Other cast members have included: Tom Smith (Sergeant/ Writer - 2007 Scottish tour), Jack Fortune (Officer - 2007-2008), Henry Pettigrew (Rossco, 2007-2008) and Jack Lowden (Cammy, 2011).
Productions have included the following:
- 2006 - Edinburgh Festival
- 2007 - Pitlochry, Aberdeen, Glasgow, Dumfries, Dingwall, Edinburgh, Los Angeles, New York City, Sydney
- 2008 - Perth, Western Australia, Wellington, Glenrothes, Glasgow, Coventry, Salford, Blaenau Gwent, Norfolk, Virginia, Toronto, London, Dublin, New York City
- 2010 - Glasgow
- 2011 - London, Glasgow, Aberdeen, Belfast, Washington, D.C., Chapel Hill, North Carolina, Chicago, New York City
- 2012 - Washington, D.C., Chicago, Seoul
- 2013 - Norfolk and Norwich Festival
- Salute to the Commonwealth - The Band of HM Royal Marines Scotland
- Spitting Games - Snow Patrol
- First Sleep - Cliff Martinez
- Gallant Forty Twa - Traditional, arr. Davey Anderson
- Selection - The Black Watch Pipes and Drums
- Forfar Sodgar - Traditional, arr. Davey Anderson
- Farewell to Nigg - Shooglenifty
- Summer 78 - Yann Tiersen
- Twa Recruiting Sergeants - Traditional, arr. Davey Anderson
- Maybe You’re My Puppet - Cliff Martinez
- Last Days - Max Richter
- A Thearlaich Òig (Oh Young Charles Stewart) - Margaret Bennett & Martyn Bennett
- Flowers of the Forest - Traditional, arr. Davey Anderson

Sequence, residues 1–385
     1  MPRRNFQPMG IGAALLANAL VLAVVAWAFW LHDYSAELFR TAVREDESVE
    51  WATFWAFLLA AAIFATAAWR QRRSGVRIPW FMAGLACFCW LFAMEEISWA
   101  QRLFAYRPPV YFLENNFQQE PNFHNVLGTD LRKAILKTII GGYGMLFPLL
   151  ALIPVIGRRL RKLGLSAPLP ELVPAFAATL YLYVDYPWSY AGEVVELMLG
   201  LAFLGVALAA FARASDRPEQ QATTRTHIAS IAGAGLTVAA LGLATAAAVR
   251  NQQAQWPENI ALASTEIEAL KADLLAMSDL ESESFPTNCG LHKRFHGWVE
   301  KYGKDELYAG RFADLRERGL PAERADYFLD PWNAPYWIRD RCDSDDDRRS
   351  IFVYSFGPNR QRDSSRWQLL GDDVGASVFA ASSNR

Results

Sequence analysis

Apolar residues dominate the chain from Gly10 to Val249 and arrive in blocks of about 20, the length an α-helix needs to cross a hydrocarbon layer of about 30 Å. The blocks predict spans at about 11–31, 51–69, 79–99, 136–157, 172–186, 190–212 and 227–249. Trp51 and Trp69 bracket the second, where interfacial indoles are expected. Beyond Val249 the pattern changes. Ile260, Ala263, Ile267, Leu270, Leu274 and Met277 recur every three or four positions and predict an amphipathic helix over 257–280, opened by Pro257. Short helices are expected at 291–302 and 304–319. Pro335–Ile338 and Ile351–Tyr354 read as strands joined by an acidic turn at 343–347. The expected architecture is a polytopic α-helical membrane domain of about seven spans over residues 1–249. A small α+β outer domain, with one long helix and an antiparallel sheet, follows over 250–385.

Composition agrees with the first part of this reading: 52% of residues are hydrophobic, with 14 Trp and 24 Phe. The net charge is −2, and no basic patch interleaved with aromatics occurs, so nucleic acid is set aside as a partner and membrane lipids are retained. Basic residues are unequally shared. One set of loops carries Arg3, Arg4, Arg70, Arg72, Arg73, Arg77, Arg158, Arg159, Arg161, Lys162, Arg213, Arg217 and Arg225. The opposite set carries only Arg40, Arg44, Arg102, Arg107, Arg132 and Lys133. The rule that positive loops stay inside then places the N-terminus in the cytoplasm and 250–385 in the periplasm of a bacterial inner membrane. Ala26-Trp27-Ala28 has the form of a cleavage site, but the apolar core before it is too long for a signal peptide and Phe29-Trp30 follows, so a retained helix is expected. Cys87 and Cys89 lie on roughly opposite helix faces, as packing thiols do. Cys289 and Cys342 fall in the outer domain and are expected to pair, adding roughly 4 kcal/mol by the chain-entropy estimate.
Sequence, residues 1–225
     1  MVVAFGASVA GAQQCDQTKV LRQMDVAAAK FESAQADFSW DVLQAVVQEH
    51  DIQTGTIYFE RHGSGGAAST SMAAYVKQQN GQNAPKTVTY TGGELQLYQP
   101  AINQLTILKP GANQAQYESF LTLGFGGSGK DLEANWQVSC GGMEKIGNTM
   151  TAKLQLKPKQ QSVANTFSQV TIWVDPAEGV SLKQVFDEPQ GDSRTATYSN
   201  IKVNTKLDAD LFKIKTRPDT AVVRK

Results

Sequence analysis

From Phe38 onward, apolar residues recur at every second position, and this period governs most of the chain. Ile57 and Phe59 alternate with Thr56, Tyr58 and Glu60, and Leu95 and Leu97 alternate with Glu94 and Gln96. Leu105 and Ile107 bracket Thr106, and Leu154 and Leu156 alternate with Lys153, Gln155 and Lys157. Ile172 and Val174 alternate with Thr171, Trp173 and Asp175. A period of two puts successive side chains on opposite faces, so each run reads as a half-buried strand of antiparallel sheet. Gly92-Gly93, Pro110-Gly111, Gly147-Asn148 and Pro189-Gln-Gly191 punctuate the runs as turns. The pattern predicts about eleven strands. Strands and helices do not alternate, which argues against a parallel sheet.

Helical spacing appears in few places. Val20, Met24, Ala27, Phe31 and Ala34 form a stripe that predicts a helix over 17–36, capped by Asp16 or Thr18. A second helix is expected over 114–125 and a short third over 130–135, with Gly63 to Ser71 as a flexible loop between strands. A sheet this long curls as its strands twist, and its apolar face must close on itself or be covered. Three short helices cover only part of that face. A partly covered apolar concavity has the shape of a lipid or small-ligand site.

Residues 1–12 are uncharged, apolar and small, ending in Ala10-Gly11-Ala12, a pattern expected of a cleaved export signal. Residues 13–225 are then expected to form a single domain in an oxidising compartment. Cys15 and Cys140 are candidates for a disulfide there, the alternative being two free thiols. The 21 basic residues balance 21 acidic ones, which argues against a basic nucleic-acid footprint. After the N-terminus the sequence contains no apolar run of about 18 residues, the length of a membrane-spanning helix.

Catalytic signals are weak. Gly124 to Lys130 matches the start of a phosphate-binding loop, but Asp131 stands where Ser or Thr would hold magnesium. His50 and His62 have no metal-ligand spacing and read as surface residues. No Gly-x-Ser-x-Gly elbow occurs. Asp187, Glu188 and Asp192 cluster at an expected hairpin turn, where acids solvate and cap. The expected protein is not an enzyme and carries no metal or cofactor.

- Black Bear - Traditional, arr. Davey Anderson
"They were every soldier; they were also irreducibly themselves. This exquisitely sustained double vision makes Black Watch one of the most richly human works of art to have emerged from this long-lived war" The New York Times
"Rarely has the torpor, the tension, the nerve-shattering randomness of this conflict's violence been made so agonizingly real - in real time. Black Watch is like a dose of caffeine delivered directly to the bloodstream." The Washington Post
"Black Watch is an astonishing artistic whirlwind. The world must see this play. Immediately." The Herald
"Brimming with breathtaking theatricality, inventiveness, style, thought provoking intelligence, humour and heart…an unmissable piece of theatre." Metro
"A mature and complex piece of political theatre – fierce, passionate and unguarded." The Guardian
"Few will come away untouched by this thrilling, raw, challenging and masterful piece of work" The Times
"Black Watch is a glorious piece of theatre, raw, truthful, uncomfortable, political funny, moving, graceful and dynamic" Scotland on Sunday
" A magnificent piece of social and political theatre, a high point not just of the festival but of the theatrical year" The Observer